Financing options boost the business case for energy-efficiency projects
Supermarket News, July 20, 2016
Capture the ‘free money’ of on-bill financing
[mks_pullquote align=”left” width=”300″ size=”18″ bg_color=”#8224e3″ txt_color=”#ffffff”]“Once the project is paid off, the store sees lower utility bills,” Tan said. “But the benefits of the new equipment start immediately. Along with reducing energy consumption and costs, an energy-efficiency upgrade can reduce or defer maintenance costs and improve the store environment with more comfortable aisle temperatures and better lighting.”[/mks_pullquote]With on-bill financing (OBF), a project is funded by a utility company or third-party investor at a very low interest rate — perhaps even 0% — and is paid back over time on a store’s utility bill. In a nutshell, energy-efficiency projects essentially pay for themselves. OBTs equate to free money, and they’re available in about 20 states and counting.
After an on-bill financing project is completed, a store’s monthly utility bill includes the cost of energy used and a partial cost of the project. But because the energy-efficiency improvements lower how much energy a store uses, the total amount of the bill is roughly the same as before the project.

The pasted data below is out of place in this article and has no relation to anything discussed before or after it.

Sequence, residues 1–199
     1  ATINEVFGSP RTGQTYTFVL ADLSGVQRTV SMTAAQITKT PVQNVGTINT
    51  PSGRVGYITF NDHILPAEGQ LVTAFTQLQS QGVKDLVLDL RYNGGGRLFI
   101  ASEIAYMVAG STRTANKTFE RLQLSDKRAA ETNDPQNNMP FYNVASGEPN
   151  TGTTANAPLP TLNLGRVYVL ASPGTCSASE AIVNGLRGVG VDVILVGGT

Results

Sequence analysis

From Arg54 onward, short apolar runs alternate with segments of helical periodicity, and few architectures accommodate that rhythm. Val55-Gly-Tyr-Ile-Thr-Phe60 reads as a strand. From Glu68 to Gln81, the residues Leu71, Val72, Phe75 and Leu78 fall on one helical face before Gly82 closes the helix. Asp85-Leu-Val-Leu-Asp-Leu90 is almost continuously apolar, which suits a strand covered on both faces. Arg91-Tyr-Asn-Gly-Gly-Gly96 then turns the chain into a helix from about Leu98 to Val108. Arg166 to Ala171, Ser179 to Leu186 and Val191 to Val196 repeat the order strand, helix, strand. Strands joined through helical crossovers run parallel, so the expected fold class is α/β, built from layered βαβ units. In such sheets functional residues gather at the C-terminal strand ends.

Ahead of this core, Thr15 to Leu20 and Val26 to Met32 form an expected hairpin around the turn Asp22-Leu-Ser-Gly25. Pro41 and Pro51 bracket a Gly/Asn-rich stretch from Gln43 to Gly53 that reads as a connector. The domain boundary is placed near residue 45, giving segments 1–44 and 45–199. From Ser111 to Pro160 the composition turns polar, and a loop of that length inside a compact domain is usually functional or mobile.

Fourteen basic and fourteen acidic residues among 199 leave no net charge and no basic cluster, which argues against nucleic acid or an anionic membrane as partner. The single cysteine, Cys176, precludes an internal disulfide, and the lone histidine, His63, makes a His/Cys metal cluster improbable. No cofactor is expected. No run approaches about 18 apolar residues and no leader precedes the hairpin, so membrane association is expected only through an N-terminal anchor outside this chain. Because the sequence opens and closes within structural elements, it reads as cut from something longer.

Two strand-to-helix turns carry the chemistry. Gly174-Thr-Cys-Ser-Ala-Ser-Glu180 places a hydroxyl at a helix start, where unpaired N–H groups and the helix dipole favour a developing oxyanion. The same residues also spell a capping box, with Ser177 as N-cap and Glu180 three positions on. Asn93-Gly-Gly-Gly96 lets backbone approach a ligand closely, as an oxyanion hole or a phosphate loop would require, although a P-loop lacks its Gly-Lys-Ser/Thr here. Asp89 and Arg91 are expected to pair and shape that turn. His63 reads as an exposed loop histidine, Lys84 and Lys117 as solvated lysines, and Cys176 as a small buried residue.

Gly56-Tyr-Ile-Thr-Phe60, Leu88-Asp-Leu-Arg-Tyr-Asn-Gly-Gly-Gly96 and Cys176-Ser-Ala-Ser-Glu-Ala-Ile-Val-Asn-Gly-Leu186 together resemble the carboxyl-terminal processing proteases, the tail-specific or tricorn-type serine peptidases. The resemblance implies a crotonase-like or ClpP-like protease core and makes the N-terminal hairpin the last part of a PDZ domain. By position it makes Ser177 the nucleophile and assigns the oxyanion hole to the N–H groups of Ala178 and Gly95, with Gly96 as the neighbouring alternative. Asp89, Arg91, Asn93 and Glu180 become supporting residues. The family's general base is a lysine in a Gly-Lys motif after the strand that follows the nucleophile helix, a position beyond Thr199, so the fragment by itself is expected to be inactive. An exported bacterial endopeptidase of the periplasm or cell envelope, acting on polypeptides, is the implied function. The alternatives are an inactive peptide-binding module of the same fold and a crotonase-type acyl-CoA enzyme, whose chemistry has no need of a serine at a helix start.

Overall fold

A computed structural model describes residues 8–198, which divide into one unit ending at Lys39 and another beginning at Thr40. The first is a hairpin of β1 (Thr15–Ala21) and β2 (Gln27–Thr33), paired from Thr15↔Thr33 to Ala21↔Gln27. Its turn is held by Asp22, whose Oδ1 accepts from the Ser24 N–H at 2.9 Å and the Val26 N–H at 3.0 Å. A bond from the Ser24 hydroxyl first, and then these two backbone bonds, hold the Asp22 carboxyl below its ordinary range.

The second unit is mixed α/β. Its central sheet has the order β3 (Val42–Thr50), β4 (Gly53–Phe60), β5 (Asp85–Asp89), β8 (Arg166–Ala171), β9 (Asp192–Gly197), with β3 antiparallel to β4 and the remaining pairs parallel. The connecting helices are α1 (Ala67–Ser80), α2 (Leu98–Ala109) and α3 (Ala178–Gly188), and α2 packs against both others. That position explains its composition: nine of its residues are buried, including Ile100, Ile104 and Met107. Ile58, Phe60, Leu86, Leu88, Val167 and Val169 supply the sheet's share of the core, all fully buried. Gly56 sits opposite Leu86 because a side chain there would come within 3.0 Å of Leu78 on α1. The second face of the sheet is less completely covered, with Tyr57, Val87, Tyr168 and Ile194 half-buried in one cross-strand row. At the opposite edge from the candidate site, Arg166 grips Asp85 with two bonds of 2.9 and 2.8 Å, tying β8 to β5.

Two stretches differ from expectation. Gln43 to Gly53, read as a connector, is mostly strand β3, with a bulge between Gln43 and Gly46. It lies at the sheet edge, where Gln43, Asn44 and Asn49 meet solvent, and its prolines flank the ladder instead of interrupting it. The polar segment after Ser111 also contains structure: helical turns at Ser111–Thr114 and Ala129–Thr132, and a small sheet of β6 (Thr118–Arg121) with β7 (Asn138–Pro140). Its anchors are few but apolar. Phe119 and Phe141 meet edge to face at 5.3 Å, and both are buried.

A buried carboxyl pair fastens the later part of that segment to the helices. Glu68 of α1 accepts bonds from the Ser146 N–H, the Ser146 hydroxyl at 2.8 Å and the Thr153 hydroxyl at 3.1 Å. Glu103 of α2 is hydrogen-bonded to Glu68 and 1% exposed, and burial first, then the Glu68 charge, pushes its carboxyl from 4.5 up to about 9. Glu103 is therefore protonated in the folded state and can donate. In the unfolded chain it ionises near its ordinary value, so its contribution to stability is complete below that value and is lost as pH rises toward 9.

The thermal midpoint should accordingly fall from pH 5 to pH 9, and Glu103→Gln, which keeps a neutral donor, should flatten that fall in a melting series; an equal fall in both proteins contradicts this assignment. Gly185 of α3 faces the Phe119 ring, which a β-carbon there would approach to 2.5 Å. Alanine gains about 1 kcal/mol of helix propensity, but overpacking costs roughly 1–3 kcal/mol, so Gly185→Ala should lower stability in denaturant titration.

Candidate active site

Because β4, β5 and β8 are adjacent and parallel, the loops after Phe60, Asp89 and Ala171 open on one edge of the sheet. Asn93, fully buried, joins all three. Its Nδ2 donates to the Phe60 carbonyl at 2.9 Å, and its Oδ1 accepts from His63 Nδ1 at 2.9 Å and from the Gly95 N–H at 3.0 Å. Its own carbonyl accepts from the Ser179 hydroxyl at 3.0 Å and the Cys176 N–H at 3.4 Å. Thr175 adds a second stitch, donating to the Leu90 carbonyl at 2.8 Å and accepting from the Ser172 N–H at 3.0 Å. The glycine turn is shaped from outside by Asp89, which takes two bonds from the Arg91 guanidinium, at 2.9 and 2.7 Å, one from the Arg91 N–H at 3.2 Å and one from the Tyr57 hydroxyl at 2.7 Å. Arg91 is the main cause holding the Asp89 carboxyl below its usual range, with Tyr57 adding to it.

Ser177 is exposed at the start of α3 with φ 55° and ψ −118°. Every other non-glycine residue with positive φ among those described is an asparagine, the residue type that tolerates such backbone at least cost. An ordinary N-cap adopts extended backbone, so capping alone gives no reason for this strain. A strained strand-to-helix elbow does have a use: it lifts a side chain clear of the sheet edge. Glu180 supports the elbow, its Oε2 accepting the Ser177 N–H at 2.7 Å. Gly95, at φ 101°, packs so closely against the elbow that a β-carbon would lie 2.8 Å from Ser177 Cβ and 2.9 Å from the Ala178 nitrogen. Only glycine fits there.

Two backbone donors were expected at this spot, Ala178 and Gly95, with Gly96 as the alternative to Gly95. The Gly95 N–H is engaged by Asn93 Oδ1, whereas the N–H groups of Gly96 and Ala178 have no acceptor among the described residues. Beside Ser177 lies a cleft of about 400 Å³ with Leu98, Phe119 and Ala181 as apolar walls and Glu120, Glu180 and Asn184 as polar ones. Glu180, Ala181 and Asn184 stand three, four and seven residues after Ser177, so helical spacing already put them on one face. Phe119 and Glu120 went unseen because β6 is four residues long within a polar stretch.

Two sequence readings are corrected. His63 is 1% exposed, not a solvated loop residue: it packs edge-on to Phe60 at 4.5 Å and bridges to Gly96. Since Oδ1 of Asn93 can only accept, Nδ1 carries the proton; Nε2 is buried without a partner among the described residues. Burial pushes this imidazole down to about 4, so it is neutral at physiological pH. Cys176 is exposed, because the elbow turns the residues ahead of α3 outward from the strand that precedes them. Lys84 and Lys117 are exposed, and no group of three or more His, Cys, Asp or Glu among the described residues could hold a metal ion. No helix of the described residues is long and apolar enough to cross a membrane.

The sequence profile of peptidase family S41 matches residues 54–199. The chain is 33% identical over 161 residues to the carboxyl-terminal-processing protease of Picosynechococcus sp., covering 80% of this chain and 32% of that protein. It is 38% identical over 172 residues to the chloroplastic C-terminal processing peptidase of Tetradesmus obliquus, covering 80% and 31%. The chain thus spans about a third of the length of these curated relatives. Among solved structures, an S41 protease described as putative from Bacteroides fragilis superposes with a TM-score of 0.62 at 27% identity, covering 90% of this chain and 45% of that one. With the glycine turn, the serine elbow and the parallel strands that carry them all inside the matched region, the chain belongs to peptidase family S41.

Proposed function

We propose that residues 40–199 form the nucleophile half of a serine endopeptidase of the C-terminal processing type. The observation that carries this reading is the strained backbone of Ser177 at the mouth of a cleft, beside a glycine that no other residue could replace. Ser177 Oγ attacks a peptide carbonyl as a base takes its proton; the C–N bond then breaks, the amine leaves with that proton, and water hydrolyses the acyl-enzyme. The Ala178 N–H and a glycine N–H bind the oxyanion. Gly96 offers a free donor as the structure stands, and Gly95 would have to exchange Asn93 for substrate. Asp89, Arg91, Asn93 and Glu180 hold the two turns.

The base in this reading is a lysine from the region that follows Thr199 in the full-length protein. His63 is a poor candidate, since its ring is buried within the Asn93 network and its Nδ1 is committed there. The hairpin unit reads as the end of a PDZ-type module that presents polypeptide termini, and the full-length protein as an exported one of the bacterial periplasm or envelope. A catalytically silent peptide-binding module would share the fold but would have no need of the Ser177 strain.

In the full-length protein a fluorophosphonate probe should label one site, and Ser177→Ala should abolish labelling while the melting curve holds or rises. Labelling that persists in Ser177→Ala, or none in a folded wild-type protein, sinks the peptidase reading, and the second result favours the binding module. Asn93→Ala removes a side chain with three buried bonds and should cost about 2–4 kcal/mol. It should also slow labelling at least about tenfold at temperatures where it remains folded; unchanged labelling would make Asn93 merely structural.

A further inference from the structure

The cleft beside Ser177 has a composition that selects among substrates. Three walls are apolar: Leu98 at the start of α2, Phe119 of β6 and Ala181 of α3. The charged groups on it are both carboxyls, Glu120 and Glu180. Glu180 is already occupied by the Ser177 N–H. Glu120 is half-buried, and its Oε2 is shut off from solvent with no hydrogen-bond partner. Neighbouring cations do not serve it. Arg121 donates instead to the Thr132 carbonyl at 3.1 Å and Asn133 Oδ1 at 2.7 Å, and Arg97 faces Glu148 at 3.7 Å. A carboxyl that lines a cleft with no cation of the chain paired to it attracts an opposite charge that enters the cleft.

A few more selling points: Utility rebates and incentives may be available to offset the cost of OBF projects. Some OBFs can be structured to tie repayment to the property, so that the debt transfers to a new building owner or tenant.
Don’t write off traditional financing
Grocers and C-store owners shouldn’t dismiss traditional financing for energy efficiency projects, Tan advised. “A retrofit project costs money, but so does not doing a project — especially for grocery stores, where energy consumption is among the highest of all commercial buildings.”
A typical grocery store consumes most of its energy for refrigeration (56%), lighting (22%), and HVAC (12%), according to the U.S. Energy Information Administration. Data from ASHRAE shows related energy-efficiency upgrades in 50,000-square-foot store could reduce the electric bill by as much as $10,000 a month (based on 11 cents per kilowatt hour, kWh). That means the store is paying $10,000 a month to use more energy than it needs to.
Go big with PACE funding for sizable projects
For larger energy-efficiency overhauls, store owners should look at funding option available through a property-assessed clean energy program, or PACE. Private investors cover 100% of upfront project costs, and the funds are repaid through property taxes. To date, 29 states and Washington, D.C., have adopted legislation for commercial PACE programs.
PACE features long-term financing terms, from five to 20 years depending on the project. Property tax assessments are tied to the property and automatically transfer to any new owner. And energy incentives, rebates and tax credits can be used to offset project costs or pay down a PACE loan.